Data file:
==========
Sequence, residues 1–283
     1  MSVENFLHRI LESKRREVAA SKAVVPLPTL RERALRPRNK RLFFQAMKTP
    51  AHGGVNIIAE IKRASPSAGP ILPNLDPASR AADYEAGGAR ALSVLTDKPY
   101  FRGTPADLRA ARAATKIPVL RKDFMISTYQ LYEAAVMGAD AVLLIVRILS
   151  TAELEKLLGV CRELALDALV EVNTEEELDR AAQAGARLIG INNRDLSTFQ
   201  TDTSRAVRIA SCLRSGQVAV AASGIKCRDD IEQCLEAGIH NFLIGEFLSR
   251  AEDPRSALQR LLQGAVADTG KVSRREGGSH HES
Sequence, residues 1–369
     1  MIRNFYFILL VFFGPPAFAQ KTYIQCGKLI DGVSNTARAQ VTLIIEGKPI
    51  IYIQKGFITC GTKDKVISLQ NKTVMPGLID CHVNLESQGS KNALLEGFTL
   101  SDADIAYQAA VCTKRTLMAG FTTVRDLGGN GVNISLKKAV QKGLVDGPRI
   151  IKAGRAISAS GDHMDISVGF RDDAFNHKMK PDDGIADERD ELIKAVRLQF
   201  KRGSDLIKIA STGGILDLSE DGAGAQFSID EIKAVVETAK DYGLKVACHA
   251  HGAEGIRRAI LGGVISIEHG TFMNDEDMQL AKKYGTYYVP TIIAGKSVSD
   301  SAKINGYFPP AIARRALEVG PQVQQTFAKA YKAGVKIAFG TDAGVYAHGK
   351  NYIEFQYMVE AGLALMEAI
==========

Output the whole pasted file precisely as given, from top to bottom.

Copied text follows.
Sequence, residues 1–283
     1  MSVENFLHRI LESKRREVAA SKAVVPLPTL RERALRPRNK RLFFQAMKTP
    51  AHGGVNIIAE IKRASPSAGP ILPNLDPASR AADYEAGGAR ALSVLTDKPY
   101  FRGTPADLRA ARAATKIPVL RKDFMISTYQ LYEAAVMGAD AVLLIVRILS
   151  TAELEKLLGV CRELALDALV EVNTEEELDR AAQAGARLIG INNRDLSTFQ
   201  TDTSRAVRIA SCLRSGQVAV AASGIKCRDD IEQCLEAGIH NFLIGEFLSR
   251  AEDPRSALQR LLQGAVADTG KVSRREGGSH HES
Sequence, residues 1–369
     1  MIRNFYFILL VFFGPPAFAQ KTYIQCGKLI DGVSNTARAQ VTLIIEGKPI
    51  IYIQKGFITC GTKDKVISLQ NKTVMPGLID CHVNLESQGS KNALLEGFTL
   101  SDADIAYQAA VCTKRTLMAG FTTVRDLGGN GVNISLKKAV QKGLVDGPRI
   151  IKAGRAISAS GDHMDISVGF RDDAFNHKMK PDDGIADERD ELIKAVRLQF
   201  KRGSDLIKIA STGGILDLSE DGAGAQFSID EIKAVVETAK DYGLKVACHA
   251  HGAEGIRRAI LGGVISIEHG TFMNDEDMQL AKKYGTYYVP TIIAGKSVSD
   301  SAKINGYFPP AIARRALEVG PQVQQTFAKA YKAGVKIAFG TDAGVYAHGK
   351  NYIEFQYMVE AGLALMEAI